Forced to land
ISTANBUL – Moscow accused Ankara of endangering Russian lives today after Turkey forced a Syrian passenger plane to land and seized what it suspected was military equipment being ferried from Russia to Syrian President Bashar al-Assad.
Damascus said the interception of the Syrian Air plane was an act of piracy, further heightening tensions between the neighbours after Turkey’s chief of staff warned his troops would respond with greater force if shells from Syria continued to hit Turkish territory.
Military jets escorted the Damascus-bound Airbus A-320, which was carrying around 30 passengers from Moscow, into Ankara airport late yesterday after Turkey received intelligence that it was carrying “non-civilian cargo”.
Russia, which has stood behind Assad’s government during an 18-month-old uprising that has killed some 30,000 people, angrily demanded an explanation.
“The lives and safety of the passengers were placed under threat”, the Russian Foreign Ministry said in a statement, adding that 17 of its nationals on board were refused access to Russian diplomatic staff.
A source in a Russian arms exporting agency told Interfax the jet was carrying no Russian weapons or military equipment.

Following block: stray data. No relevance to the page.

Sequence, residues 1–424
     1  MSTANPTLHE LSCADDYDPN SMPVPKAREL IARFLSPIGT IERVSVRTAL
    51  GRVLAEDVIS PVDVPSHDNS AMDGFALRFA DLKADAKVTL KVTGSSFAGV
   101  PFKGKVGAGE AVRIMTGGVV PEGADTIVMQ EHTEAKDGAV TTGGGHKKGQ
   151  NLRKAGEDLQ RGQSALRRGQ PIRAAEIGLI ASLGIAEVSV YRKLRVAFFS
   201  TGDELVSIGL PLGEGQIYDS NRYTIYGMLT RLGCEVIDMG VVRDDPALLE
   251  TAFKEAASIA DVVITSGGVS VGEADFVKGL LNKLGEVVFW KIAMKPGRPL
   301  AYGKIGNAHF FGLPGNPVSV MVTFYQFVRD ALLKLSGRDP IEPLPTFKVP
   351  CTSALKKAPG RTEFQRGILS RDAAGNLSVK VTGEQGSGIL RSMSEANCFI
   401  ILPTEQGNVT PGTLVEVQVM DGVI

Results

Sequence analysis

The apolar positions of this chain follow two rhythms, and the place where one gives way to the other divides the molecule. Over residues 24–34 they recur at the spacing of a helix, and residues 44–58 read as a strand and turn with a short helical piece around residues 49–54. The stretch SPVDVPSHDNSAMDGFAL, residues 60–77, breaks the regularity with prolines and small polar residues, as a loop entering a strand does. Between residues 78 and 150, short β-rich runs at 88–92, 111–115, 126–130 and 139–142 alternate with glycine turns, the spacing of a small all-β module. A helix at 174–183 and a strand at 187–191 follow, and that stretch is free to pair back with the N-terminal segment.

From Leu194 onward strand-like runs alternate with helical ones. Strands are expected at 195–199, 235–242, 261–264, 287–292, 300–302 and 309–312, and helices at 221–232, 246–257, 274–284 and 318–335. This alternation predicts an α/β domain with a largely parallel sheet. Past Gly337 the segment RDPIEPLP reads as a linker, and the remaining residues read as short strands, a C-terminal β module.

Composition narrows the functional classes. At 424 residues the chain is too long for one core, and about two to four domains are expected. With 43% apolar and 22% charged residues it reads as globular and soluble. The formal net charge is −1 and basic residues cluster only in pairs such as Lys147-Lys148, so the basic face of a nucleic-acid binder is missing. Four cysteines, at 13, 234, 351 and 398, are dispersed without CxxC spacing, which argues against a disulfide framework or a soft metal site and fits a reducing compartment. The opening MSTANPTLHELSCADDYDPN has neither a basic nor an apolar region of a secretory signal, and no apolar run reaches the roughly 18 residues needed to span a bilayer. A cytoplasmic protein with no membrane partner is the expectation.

Lebanon’s al-Manar Television quoted Syrian Transport Minister Mahmoud Said as saying the move amounted to “air piracy which contradicts civil aviation treaties.”
Turkey said it had acted within international law.
“We are determined to control weapons transfers to a regime that carries out such brutal massacres against civilians. It is unacceptable that such a transfer is made using our airspace,” Foreign Minister Ahmet Davutoglu said.
“We received information this plane was carrying cargo of a nature that could not possibly be in compliance with the rules of civil aviation,” he said in Athens during an official visit, in comments broadcast live on Turkish television.
The plane and its passengers were allowed to continue after parts of the cargo were seized. Officials gave no details of what was confiscated, saying investigations were underway, but some Turkish newspapers said the cargo included non-lethal supplies such as radio equipment.
Turkey said it would continue to investigate Syrian civilian aircraft using its airspace if needed.
“We exercised our rights, and we will exercise them again tomorrow if required,” Turkish Transport Minister Binali Yildirim told reporters. (Reuters)